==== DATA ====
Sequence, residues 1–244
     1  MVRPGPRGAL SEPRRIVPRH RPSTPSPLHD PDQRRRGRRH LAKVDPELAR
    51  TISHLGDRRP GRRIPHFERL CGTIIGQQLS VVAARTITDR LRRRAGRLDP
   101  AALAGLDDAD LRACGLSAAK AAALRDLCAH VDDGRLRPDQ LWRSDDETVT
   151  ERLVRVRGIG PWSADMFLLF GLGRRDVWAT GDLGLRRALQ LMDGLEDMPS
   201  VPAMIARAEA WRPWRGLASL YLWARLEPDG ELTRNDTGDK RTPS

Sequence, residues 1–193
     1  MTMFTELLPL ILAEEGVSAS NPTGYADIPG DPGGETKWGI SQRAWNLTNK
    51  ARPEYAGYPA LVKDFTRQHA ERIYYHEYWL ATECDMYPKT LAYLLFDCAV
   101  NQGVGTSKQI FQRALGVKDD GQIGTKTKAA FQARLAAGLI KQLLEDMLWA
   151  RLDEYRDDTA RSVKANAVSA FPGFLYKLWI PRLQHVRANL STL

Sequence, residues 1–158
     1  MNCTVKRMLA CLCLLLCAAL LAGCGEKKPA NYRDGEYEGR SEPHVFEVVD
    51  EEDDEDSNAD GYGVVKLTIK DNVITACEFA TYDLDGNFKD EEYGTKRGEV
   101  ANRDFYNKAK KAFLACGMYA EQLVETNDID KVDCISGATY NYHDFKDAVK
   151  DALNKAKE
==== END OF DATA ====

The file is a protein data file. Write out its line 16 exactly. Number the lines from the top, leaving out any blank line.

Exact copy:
   151  DALNKAKE